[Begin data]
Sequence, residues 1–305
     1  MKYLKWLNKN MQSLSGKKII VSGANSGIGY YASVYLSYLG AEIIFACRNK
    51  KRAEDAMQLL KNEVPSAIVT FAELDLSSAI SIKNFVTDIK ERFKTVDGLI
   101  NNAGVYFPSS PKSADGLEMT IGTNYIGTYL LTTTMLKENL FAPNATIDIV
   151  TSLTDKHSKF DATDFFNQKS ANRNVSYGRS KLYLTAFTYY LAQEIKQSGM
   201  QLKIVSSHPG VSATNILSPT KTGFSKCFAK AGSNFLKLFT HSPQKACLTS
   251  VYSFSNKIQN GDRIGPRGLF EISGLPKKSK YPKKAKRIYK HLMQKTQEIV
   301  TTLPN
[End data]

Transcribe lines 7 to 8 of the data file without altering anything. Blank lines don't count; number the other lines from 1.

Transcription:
   251  VYSFSNKIQN GDRIGPRGLF EISGLPKKSK YPKKAKRIYK HLMQKTQEIV
   301  TTLPN